Hot Reload Hits .NET (Kinda)

Much-requested and long-awaited Hot Reload functionality has hit .NET, supported in an early, incomplete form in the new Visual Studio 2019 version 16.11 (Preview 1).

Announced at the beginning of Microsoft's Build 2021 developer conference, Hot Reload has been a longstanding feature for projects like Blazor and Xamarin, coming late for the latter, after other dev frameworks like Flutter and React Native.

Hot Reload will eventually enable developers to make code changes while debugging that are instantly reflected in a running app without need of a restart, as part of a "Hot Reload Everywhere" push.

Today (May 25), Hot Reload for .NET proper was announced. "With Hot Reload you can now modify your apps managed source code while the application is running, without the need to manually pause or hit a breakpoint. Simply make a supported change while your app is running and in our new Visual Studio experience use the 'apply code changes' button to apply your edits."

In addition to being supported in VS 2019 v16.11 (Preview 1), it can be implemented with the dotnet watch command-line tool (with this reporter actually getting it to work last month with .NET 6 Preview 3).

Blazor Hot Reload in Animated Action
[Click on image for larger, animated GIF view.] Blazor Hot Reload in Animated Action (source: Microsoft).

Here's how it looks now:

Blazor Hot Reload in Animated Action
[Click on image for larger, animated GIF view.] New Hot Reload in Animated Action (source: Microsoft).

However, as noted, full functionality won't come until .NET 6 (coming in November) and Visual Studio 2022, of which we received a sneak peek last month, but for which we are still awaiting the first preview, coming this summer.

"With today's release this is just a preview of our full vision of Hot Reload for .NET developers," Microsoft said. "While some capability is being made available in early .NET 6 previews and in Visual Studio 2019, for the full power of this feature we are targeting .NET 6 (and future releases of .NET) and Visual Studio 2022 as the set of frameworks and tooling that will have the most complete and optimized experience."

For now, developers can expect some glitches and incomplete support and documentation. For example, Microsoft said it's still working to document what types of edits are supported.

Eventually, though, Microsoft said the final product's features will include:

  • .NET Multi-platform App UI (.NET MAUI): With .NET 6 Preview 4 developers building .NET MAUI applications can now use .NET Hot Reload with projects targeting WinUI 3. In future releases we're bringing .NET Hot Reload support to iOS, Android, and Mac Catalyst scenarios.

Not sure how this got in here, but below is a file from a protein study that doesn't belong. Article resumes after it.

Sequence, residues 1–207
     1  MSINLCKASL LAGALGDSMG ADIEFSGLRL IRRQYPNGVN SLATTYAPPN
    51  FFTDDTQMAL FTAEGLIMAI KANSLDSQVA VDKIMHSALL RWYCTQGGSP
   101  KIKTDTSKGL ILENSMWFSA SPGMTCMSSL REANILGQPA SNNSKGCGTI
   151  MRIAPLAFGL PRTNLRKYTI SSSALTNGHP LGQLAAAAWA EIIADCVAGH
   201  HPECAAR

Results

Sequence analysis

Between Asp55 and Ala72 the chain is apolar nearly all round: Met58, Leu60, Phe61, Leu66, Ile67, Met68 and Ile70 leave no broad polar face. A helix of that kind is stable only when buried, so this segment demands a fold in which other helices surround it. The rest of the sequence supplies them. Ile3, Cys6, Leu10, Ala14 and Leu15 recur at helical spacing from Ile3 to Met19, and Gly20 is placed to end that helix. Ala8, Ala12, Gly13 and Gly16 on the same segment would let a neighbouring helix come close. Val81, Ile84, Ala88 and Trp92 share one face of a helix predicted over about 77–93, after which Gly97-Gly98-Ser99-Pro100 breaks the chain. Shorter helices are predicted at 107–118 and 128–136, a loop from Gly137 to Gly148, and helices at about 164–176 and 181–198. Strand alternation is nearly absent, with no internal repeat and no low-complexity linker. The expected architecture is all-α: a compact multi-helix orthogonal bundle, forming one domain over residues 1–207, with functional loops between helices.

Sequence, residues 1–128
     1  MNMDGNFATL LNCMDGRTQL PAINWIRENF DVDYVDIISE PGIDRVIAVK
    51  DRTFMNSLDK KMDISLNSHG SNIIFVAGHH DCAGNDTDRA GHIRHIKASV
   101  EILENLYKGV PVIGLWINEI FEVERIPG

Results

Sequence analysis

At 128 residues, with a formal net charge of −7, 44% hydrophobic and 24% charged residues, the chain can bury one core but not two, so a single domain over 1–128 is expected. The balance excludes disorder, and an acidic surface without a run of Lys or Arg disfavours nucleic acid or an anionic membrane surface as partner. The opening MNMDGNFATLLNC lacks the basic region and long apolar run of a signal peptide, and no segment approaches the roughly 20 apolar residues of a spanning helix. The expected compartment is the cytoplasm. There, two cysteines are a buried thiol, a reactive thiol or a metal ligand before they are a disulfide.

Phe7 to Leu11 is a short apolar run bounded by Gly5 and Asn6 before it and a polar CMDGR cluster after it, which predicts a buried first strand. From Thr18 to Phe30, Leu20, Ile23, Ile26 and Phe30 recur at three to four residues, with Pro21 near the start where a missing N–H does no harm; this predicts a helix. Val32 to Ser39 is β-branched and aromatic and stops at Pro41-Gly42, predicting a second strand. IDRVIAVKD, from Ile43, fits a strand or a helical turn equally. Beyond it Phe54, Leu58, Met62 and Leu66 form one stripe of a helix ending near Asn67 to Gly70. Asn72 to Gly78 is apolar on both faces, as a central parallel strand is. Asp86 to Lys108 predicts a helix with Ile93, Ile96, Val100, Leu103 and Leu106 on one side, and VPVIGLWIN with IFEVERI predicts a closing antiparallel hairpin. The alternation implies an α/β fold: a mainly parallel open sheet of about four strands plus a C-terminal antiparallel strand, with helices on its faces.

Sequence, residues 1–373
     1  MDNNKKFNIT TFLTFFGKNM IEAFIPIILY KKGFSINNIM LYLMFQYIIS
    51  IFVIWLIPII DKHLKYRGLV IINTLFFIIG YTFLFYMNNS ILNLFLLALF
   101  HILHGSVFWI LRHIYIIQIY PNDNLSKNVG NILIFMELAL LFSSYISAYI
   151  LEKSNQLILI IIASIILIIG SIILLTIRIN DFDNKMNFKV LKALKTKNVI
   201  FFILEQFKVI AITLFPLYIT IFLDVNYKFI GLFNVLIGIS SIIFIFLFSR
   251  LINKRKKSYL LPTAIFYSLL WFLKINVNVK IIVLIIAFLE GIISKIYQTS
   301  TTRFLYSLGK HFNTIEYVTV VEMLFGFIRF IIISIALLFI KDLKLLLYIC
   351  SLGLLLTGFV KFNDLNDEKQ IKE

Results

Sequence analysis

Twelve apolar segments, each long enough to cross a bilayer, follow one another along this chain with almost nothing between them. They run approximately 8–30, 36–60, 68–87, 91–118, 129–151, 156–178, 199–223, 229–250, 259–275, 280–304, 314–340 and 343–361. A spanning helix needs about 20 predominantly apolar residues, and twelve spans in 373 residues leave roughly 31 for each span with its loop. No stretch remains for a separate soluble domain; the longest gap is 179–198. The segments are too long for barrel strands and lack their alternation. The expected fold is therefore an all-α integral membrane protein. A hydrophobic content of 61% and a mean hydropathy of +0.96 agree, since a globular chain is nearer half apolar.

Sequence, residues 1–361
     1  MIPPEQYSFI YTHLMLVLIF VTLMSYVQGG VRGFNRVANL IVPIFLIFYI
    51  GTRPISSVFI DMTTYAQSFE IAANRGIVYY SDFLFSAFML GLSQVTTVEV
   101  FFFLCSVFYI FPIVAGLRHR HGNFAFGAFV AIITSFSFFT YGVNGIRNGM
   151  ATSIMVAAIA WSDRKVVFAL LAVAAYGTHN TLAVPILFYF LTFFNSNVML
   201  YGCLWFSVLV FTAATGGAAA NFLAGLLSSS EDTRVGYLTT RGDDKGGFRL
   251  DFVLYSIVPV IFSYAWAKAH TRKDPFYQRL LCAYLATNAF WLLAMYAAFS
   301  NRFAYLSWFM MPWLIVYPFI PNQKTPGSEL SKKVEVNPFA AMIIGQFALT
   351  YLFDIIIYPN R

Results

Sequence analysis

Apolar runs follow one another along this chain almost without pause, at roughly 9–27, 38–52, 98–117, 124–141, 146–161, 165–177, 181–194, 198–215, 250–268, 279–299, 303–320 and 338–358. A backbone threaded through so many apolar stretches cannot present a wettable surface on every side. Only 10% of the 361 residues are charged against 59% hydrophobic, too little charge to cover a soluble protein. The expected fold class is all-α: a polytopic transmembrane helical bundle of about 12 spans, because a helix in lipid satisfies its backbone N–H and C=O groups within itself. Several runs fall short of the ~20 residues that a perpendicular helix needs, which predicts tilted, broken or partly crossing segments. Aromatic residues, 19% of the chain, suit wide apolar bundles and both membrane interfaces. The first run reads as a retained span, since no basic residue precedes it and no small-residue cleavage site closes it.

• Razor Pages: In future releases Hot Reload and Edit and Continue (EnC) will be supported for editing Razor for websites or Blazor apps targeting .NET 6 or higher
  • No Debugger Required in Visual Studio: In future release of Visual Studio 2022 we are working to add support to use Hot Reload without needing the debugger, this means developers will be able to launch their apps using CTRL-F5 and still use Hot Reload to patch their running app
  • Reducing the number of unsupported changes: In future releases of Visual Studio 2022 and .NET 6+ we're planning work across multiple teams that will reduce the number of unsupported edits at runtime
  • Optimizing frameworks to work best with Hot Reload: In .NET 6 we're investigating how certain frameworks can be improved to better support Hot Reload. Examples of this in the future will include improvements to ASP.NET Core, .NET MAUI and other frameworks where tweaks and optimization will make Hot Reload changes more useful in more situations.
  • At this point, you can implement the prerequisite tooling and get started, with this caveat: "In this early preview release, we want to acknowledge that there will be bugs. Sometimes if you try to apply a change it might silently fail, or your app might crash, etc. If you do encounter any problems, please take a moment to report issues to us, as only with your feedback can we ensure that critical problems are resolved, and future decisions are prioritized based on your input."

    About the Author

    David Ramel is an editor and writer for Converge360.

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